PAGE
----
Published in1942, The Stranger is about a man who feels no pain when his mother dies and eventually kills an Arab. It is the rudimentary part of the existentialist and absurd fiction, hailed by contemporaries as a lyrical masterpiece. I have had the privilege of teaching  International Baccalaureate students who had to study this book for World Literature. Each time I teach a different student, I never cease to be amazed at how I find new insight in the book. Till today, many academicians are still analyzing Meursault's psychology and philosophy. Despite its simplicity and brevity, there is certainly no other novel like it. It is a paradoxical tale because in its brevity, it says so much. Words are few are yet the volumes of emotion and possibilities to understand those emotions are endless It is almost one enters a different world when reading Camus - where one may despair at Mersault's imperfections and yet wanting to expose his vulnerable side.

If you hate reading and only want to read one short book, please read The Stranger. You will not regret it. I have read it five times and even now, I still get so piqued, fascinated and intrigued as to how Camus could have woven such a masterpiece in its simplicity!!! If you have time, check out one of my favourite posts which I wrote back in April 2011: The Stranger and TBH Inquest.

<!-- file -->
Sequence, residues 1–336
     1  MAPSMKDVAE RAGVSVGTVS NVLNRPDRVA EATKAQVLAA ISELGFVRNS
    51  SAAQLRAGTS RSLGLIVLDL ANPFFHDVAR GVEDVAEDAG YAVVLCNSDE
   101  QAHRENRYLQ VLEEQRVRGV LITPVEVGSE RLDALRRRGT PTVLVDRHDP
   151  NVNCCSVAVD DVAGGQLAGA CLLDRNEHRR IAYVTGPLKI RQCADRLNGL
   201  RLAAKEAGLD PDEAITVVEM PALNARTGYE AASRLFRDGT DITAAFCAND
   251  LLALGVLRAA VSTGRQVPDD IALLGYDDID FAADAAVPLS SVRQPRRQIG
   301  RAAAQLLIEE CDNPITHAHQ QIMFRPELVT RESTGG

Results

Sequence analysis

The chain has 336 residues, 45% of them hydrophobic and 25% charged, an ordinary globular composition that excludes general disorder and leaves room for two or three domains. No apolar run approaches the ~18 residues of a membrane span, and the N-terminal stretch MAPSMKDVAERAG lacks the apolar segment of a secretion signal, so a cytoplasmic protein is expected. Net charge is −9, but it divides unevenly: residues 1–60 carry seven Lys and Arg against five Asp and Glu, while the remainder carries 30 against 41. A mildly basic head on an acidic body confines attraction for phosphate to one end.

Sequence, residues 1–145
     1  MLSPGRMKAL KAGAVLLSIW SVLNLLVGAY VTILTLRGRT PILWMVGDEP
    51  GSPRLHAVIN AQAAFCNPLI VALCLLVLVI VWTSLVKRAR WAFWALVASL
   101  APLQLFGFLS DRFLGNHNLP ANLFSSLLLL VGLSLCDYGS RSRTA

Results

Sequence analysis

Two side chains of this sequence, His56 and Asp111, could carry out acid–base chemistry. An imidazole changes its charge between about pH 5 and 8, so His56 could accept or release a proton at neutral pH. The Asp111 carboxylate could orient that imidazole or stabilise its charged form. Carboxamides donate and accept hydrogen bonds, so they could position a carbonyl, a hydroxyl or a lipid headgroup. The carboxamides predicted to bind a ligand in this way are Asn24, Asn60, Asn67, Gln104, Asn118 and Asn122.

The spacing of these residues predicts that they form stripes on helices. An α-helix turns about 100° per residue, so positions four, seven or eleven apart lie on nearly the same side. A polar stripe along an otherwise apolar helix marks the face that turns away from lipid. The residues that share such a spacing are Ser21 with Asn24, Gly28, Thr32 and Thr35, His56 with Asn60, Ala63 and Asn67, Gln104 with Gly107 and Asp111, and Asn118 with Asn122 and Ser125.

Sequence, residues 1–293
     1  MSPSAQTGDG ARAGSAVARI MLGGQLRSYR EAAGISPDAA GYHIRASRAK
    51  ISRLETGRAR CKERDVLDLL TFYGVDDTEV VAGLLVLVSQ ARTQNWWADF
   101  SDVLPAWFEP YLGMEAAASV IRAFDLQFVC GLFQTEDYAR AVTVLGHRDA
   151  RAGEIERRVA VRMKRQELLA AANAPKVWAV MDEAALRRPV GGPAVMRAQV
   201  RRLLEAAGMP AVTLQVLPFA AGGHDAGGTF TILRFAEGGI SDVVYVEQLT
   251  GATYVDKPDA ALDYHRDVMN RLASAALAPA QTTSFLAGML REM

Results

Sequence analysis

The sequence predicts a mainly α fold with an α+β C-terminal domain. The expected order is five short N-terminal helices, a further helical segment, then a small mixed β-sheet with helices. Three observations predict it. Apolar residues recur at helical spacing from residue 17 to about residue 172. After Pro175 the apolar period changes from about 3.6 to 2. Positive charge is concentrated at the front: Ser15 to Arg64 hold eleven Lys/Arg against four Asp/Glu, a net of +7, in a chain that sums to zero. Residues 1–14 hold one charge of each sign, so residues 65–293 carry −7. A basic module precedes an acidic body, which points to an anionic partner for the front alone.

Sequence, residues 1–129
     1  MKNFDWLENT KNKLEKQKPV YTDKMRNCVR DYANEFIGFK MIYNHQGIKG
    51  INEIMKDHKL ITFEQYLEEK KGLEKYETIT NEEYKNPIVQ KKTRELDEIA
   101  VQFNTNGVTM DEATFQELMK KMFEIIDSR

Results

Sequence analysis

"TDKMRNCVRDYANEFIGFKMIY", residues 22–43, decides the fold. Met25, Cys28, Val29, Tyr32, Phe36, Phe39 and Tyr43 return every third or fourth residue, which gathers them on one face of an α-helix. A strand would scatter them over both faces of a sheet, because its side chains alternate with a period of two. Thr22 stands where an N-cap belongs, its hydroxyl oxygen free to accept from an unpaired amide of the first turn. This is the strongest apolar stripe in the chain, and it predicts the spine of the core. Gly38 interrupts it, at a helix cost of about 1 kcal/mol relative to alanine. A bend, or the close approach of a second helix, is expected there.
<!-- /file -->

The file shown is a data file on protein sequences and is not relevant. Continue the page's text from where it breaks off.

Number two in the To-Read-List of Albert Camus' books would definitely be The Myth of Sisyphus which some regard as the “bible” of absurdity. Quite unbelievably, the book comprises only 120 pages. Originally published in 1942 in French as Le Mythe de Sisyphe, it was only in 1955 that the English translation by Justin was released.

Most skilfully and philosophically, Camus introduces his philosophy of the absurd whereby he shows how futile it is for man to see meaning, unity, and clarity especially when the unintelligible world seems quite devoid of God and eternal truths or values.

In The Myth of Sisyphus, the question of whether one may commit suicide upon the realization of the absurd. However, Camus declares that revolt is required and he goes on to discuss approaches to the absurd life.and how we can handle the absurdity of life.

Hence, Camus compares the absurdity of man's life with the situation of Sisyphus. The protagonist is a figure of Greek mythology condemned to the same repetitive meaningless task of pushing a boulder up a mountain, only to see it roll down again.